*  Congressional Advisory Panel on the Governance of the Nuclear Security Enterprise, “A New Foundation for the Nuclear Enterprise” (Dec. 2014).  Thanks to Bill Mullins for recommending this report. 

**  National Nuclear Security Administration website.

Friday, February 6, 2015

Corrosion in the Culture of the DNFSB?

We have posted many times on the Defense Nuclear Facilities Safety Board’s (DNFSB) efforts to get the Department of Defense (DOE) to confront and resolve its safety culture (SC) issues.  Now it appears the DNFSB has management and cultural issues of its own.  In a stinging report* by an outside consultant, DNFSB board members are said to have a “divisive and dysfunctional relationship” and the organizational culture is called “toxic.” (p. iii)  This post highlights the cultural aspects of selected issues and the proposed fixes.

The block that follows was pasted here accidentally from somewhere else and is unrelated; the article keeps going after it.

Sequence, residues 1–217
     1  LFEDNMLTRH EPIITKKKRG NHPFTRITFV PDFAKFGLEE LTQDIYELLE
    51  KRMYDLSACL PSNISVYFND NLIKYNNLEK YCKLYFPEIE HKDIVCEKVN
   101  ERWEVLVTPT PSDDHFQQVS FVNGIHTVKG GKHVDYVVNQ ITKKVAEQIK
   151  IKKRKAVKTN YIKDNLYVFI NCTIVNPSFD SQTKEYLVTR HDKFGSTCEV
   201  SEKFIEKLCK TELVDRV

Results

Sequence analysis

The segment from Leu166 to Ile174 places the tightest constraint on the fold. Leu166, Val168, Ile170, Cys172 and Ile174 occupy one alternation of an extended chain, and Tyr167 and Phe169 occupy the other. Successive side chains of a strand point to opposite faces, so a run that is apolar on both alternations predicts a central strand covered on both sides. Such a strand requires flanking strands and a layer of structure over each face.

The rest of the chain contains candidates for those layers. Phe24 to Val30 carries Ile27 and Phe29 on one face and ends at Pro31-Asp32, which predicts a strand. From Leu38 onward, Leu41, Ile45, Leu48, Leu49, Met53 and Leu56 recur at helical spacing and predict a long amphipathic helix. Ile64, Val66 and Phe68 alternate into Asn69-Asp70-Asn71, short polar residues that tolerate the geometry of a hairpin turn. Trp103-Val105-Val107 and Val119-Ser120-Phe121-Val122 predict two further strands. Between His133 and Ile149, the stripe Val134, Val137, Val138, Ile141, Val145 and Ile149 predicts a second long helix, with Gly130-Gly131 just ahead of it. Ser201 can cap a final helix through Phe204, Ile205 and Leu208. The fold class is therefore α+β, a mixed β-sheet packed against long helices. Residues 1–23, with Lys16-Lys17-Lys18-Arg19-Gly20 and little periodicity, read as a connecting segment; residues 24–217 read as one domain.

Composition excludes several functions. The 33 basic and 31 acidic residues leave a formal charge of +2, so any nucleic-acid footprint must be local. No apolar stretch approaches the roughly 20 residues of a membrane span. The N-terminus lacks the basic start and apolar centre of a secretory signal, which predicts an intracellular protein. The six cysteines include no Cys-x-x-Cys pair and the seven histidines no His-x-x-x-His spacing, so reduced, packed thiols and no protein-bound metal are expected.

Major issues that can affect culture are the board itself, the negative tone of oral and written communications, and the performance recognition system.

DNFSB is a small agency (100+ people) and most work in the same office.  There is no place to hide from the effects of troubles at the top.  The Board’s basic problem is that the members don’t have a shared mental model of the DNFSB’s mission and strategies.  And, because the members are political appointees representing both major parties, creating some kind of unity is a major challenge.  The report contains many recommendations related to improving board functioning but the reality is it’s mainly a political issue.  Board dysfunctionality is a cultural issue because hydra-headed leadership distracts, confuses and ultimately demoralizes the agency staff.  Most alarming to us, to the extent investigations are driven by board members’ interests rather than by science and safety considerations (a perception reported by some staff), the board’s shortcomings can impinge on the agency’s SC.